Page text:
Sebastian (1968) ***

Decoding the emotional life of mathematics professor Sebastian (Dirk Bogarde) lies at the heart of a spy thriller mainlining on loyalty and trust. The presence of a flotilla of potential Bond girls has opened this picture up to charges of being a spoof, but I saw the mini-skirted incredibly-bright lasses as being a reversal of the standard secretarial pool. And a supposed  representation of the “Swinging Sixties” would hold true if shot in the environs of Carnaby St  rather than the bulk of locations being arid high-rise buildings. 

In roundabout fashion, intrigued after literally bumping into him in Oxford, Rebecca (Susannah York) is recruited into an espionage decoding department staffed entirely by gorgeous (but brainy) women. Among the older employees is chain-smoking left-winger Elsa (Lili Palmer) whom security chief General Phillips (Nigel Davenport) suspects of passing on secrets. When romance ensues with Rebecca, Sebastian dumps dumb pop singer girlfriend Carol (Janet Munro) who is already having an affair and spying on Sebastian.

Sebastian and girlfriend.

Although there is no actual beat-the-clock codes to be unraveled, tensions remains surprisingly high as in the best Alan Turing/Bletchley manner, breakthroughs are slow. There’s an undercurrent of electronic surveillance, eavesdropping on recruits, bugs planted in the houses of even the apparently most trusted personnel, seeds of distrust easily sowed, codes shifting from numbers to sounds.  The occasional nod to the contemporary, a disco, pop songs, Rebecca doing a fashion shoot in the middle of traffic, is background rather than center stage.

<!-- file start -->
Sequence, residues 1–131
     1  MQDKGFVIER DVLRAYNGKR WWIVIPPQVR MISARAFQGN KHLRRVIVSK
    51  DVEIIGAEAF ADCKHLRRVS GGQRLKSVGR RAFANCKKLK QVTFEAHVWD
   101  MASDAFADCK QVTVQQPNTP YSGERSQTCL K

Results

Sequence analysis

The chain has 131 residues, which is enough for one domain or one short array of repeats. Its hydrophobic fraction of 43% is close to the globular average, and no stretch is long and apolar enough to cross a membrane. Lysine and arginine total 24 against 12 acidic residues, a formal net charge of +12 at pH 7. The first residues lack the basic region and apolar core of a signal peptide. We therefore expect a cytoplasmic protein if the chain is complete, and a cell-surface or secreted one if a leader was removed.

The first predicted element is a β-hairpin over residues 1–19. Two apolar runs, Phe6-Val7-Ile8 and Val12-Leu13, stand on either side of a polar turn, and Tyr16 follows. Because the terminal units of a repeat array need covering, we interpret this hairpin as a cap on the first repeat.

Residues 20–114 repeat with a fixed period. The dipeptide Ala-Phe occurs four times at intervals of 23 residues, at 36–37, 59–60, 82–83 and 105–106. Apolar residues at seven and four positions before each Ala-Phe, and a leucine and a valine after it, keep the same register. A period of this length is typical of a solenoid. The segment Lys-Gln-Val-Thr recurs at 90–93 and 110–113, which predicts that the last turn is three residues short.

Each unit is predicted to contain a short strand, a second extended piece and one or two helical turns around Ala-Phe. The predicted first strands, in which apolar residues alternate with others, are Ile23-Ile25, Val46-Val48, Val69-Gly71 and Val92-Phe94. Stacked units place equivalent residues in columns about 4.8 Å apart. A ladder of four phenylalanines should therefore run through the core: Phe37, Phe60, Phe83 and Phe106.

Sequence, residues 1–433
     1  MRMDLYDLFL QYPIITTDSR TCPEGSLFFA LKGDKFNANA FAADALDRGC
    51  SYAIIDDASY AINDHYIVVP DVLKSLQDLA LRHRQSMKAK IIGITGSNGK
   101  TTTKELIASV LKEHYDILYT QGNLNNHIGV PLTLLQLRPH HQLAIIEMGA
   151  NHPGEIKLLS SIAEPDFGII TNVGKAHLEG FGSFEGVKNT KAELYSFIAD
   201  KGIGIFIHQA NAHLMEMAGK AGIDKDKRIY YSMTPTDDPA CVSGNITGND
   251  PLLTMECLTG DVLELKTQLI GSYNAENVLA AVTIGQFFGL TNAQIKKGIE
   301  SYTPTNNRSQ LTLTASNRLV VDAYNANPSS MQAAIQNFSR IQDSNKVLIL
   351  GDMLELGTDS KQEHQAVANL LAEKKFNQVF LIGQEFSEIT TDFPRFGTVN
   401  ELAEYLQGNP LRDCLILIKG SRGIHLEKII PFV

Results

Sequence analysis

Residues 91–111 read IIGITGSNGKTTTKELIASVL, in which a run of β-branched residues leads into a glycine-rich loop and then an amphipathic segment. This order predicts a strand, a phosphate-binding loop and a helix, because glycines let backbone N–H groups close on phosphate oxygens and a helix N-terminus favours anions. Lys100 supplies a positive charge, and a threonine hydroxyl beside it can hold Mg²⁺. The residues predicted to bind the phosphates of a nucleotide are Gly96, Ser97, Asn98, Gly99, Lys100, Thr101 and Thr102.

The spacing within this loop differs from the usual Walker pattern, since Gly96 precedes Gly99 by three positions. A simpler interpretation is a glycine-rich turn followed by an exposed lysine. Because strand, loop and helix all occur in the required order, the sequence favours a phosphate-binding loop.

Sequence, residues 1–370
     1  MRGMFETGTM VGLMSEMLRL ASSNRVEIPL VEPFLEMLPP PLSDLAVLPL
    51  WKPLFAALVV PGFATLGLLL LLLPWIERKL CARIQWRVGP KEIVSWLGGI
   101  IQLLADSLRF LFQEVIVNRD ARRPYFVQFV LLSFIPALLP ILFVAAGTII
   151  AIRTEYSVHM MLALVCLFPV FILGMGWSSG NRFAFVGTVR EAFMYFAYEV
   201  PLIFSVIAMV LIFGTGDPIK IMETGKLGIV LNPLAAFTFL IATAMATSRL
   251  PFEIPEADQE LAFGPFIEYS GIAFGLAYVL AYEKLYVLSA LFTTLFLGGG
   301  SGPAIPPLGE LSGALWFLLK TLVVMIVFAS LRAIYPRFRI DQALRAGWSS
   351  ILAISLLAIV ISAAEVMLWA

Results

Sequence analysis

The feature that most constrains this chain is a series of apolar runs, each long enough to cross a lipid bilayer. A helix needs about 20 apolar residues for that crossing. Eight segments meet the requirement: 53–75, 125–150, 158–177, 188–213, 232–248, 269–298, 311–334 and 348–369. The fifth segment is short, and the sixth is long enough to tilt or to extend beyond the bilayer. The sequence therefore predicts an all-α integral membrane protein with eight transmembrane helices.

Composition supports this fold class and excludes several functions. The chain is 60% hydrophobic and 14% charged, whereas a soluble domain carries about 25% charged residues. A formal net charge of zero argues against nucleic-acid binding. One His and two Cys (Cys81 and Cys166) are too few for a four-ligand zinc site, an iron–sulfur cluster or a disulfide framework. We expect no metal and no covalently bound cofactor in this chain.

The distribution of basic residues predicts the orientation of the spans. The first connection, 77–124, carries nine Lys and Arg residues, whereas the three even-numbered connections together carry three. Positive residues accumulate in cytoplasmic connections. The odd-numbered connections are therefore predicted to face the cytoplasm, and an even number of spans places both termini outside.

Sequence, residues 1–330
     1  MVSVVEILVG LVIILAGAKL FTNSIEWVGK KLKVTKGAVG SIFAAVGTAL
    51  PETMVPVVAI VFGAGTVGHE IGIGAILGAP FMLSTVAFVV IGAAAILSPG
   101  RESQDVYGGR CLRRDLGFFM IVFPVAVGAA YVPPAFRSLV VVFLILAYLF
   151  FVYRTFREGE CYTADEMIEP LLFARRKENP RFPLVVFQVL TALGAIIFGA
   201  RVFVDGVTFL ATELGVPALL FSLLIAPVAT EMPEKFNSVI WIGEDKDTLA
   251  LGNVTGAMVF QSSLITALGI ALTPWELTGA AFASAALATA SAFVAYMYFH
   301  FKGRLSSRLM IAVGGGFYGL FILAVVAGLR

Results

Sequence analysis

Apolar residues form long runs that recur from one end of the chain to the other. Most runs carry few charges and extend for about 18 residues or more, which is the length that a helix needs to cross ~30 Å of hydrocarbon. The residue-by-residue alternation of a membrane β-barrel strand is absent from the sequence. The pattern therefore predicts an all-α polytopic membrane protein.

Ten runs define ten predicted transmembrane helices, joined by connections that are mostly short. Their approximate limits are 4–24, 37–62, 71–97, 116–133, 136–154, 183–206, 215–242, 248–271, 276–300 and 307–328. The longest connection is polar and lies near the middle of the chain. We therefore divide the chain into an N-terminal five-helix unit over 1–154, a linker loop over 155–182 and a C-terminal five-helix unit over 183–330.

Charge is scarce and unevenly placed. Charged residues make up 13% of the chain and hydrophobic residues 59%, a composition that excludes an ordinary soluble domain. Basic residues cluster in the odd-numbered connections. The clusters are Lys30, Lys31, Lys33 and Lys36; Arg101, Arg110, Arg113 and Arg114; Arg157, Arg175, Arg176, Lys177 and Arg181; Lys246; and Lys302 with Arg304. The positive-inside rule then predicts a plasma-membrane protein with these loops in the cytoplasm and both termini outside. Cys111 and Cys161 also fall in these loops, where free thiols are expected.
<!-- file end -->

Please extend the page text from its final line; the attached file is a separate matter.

Sebastian, though worshipped by is female staff, is “more whimsical than predatory.” Nonetheless, introspective and often morose, unable to deal with emotions, it falls to Rebecca to take on the task of sorting him out which naturally leads to complications.

Most reviewers at the time complained it was a victory of style over substance, but somehow they managed to overlook the essential questions about trust the picture asked. That said, it does follow an odd structure, the third act dependent on directorial sleight-of-hand.

Rather unique meet-cute: Sebastian, all set to attend a function at Oxford University,
gives Rebecca a word-game test.

Dirk Bogarde (Accident, 1966) is always highly watchable and Susannah York (The Killing of Sister George, 1968) Rebecca catches the eye with an  impulsive, slightly kooky character who turns out to be down-to-earth. Nigel Davenport (The Third Secret, 1964) bring his usual cynical malevolence to the party but with the twist of not knowing whose side he is really on. John Gielgud (The Shoes of the Fisherman, 1968) is a delight. There’s a brief appearance by a pipe-smoking Donald Sutherland (The Dirty Dozen, 1967). Janet Munro (Bitter Harvest, 1963) decidedly rids herself of her Disney persona. Miss World Ann Sidney is one of “Sebastian Girls”

In his second picture after The Shuttered Room (1967) David Greene’s direction is mostly competent but the opening aerial tracking shots set the precedence for occasional bursts of style.  Jerry Fielding supplied the score.

Another freebie on Youtube.

Return to Sender (1963) ***

The B-film’s B-film. Where American B-pictures invariably focused on sleaze, sci-fi, horror or violence, their British counterparts often exuded class with solid acting, clever plots, excellent though simple sets and good composition. Edgar Wallace, the world’s most prolific writer, had regained sudden popularity thirty years after his death, and movies made from his works made ideal subjects for B-pictures fed into the British double-bill system. His thrillers are all story, racing along with twist after twist.